Overseas Private Investment Corporation (Opic), a United States (US) government’s development finance institution, has expressed interest to work with the country’s private sector to provide medium to long-term financing.
Opic director of business development Peter Ballinger said this on Tuesday in Blantyre.
He said they are willing to provide funding through direct loans and loan guarantees to eligible investment projects in Malawi and other developing countries and emerging markets.
“Opic’s minimum loan guarantee size is $350 000 [K242 million] and the maximum is $250 million [K173 billion]. If the project requires more than Opic’s maximum per project lending capacity, Opic is experienced in working with co-lenders to bring sufficient resources to a project.
“So far, Opic has committed $4.1 billion (about K2.9 trillion) to 62 private equity funds in emerging markets since 1987. These funds in turn have invested $5.6 billion (K3.8 trillion) in more than 570 privately-owned and managed companies across 65 countries,” he said at the Financiers Networking Forum under the theme Fostering Sustainable Business Partnerships.
The forum was held to drum up support and enlighten the private sector on project financing models ahead of the Malawi Investment Forum (MIF) 2016 to be held in Lilongwe in October.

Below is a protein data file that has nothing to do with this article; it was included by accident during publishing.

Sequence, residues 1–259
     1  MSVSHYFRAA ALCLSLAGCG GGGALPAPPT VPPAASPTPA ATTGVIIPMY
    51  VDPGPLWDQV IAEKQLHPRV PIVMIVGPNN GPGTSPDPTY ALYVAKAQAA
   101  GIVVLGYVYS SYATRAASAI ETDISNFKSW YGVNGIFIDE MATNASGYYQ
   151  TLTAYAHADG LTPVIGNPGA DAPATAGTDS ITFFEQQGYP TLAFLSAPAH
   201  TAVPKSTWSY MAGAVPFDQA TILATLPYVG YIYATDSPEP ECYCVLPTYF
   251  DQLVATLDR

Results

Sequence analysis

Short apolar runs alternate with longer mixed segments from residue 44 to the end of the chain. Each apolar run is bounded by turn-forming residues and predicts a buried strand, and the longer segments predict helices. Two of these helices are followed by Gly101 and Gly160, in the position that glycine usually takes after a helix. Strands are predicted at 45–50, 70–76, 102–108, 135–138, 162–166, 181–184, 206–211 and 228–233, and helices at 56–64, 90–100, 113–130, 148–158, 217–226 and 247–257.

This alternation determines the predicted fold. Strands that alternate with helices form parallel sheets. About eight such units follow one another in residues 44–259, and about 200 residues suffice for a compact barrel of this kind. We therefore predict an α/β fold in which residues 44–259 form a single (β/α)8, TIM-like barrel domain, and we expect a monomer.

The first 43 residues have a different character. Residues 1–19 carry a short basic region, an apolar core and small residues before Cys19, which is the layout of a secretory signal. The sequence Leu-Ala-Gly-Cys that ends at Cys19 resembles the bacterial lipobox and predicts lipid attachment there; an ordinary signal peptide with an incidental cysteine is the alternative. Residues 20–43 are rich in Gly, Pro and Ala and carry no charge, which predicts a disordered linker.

On her part, US Ambassador Virginia Palmer called on the Malawi Government to review the Control of Goods Act and intensify corruption fight if Malawi is to lure more investors from America.
She said since 80 percent of Malawi’s economy is agro-based, the sector can attract prime American investments if more is done on the investment front.
While observing that no American firm has signed an investment deal with Malawi in 18 months she has been in the country, Palmer, said a number of American investors are keen to invest in Malawi.
She said: “For investors to come [to Malawi], we are hoping that laws such as Control of Goods Act could be reviewed so that the export licensing regime is more predictable and farmers know that they can get financing and sell their crops when it is harvested.
“The export ban has had no impact on lowering prices for domestic producers in the country rather they have protected global consumers and created higher prices for the domestic market.”
Minister of Industry, Trade and Tourism Joseph Mwanamvekha said Malawi has immense business opportunities in all sectors.
He urged local businesses to embrace the concept of debt in growing their businesses, saying: “Smart businesses use debt to grow their businesses while at the same time creating wealth for themselves and their companies.”
The forum attracted local private sector and international financiers such as PTA Bank, African Development Bank (AfDB), Afrexim Bank and Industrial Development Corporation (IDC) of South Africa.